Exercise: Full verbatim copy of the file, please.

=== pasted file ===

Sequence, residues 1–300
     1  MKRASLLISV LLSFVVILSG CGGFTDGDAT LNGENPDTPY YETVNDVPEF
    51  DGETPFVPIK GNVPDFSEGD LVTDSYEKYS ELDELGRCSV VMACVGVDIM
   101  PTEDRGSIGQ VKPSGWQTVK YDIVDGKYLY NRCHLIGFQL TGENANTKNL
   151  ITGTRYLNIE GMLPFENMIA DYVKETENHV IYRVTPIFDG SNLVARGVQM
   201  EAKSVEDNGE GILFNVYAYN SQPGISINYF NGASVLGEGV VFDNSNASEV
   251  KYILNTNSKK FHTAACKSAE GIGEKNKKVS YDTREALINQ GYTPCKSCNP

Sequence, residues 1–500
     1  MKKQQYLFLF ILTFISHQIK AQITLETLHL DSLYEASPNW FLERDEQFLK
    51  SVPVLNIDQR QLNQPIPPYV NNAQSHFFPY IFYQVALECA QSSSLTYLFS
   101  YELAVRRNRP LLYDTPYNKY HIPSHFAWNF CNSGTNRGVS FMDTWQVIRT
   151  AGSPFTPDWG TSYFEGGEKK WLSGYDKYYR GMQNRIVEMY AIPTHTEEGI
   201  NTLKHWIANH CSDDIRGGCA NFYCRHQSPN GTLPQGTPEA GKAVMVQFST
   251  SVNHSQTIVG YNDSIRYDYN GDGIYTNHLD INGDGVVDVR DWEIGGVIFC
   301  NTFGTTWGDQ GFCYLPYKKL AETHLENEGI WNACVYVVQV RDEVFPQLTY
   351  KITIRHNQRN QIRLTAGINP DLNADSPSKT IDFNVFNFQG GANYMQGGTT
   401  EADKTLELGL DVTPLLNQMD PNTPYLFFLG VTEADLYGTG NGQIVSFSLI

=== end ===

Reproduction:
Sequence, residues 1–300
     1  MKRASLLISV LLSFVVILSG CGGFTDGDAT LNGENPDTPY YETVNDVPEF
    51  DGETPFVPIK GNVPDFSEGD LVTDSYEKYS ELDELGRCSV VMACVGVDIM
   101  PTEDRGSIGQ VKPSGWQTVK YDIVDGKYLY NRCHLIGFQL TGENANTKNL
   151  ITGTRYLNIE GMLPFENMIA DYVKETENHV IYRVTPIFDG SNLVARGVQM
   201  EAKSVEDNGE GILFNVYAYN SQPGISINYF NGASVLGEGV VFDNSNASEV
   251  KYILNTNSKK FHTAACKSAE GIGEKNKKVS YDTREALINQ GYTPCKSCNP

Sequence, residues 1–500
     1  MKKQQYLFLF ILTFISHQIK AQITLETLHL DSLYEASPNW FLERDEQFLK
    51  SVPVLNIDQR QLNQPIPPYV NNAQSHFFPY IFYQVALECA QSSSLTYLFS
   101  YELAVRRNRP LLYDTPYNKY HIPSHFAWNF CNSGTNRGVS FMDTWQVIRT
   151  AGSPFTPDWG TSYFEGGEKK WLSGYDKYYR GMQNRIVEMY AIPTHTEEGI
   201  NTLKHWIANH CSDDIRGGCA NFYCRHQSPN GTLPQGTPEA GKAVMVQFST
   251  SVNHSQTIVG YNDSIRYDYN GDGIYTNHLD INGDGVVDVR DWEIGGVIFC
   301  NTFGTTWGDQ GFCYLPYKKL AETHLENEGI WNACVYVVQV RDEVFPQLTY
   351  KITIRHNQRN QIRLTAGINP DLNADSPSKT IDFNVFNFQG GANYMQGGTT
   401  EADKTLELGL DVTPLLNQMD PNTPYLFFLG VTEADLYGTG NGQIVSFSLI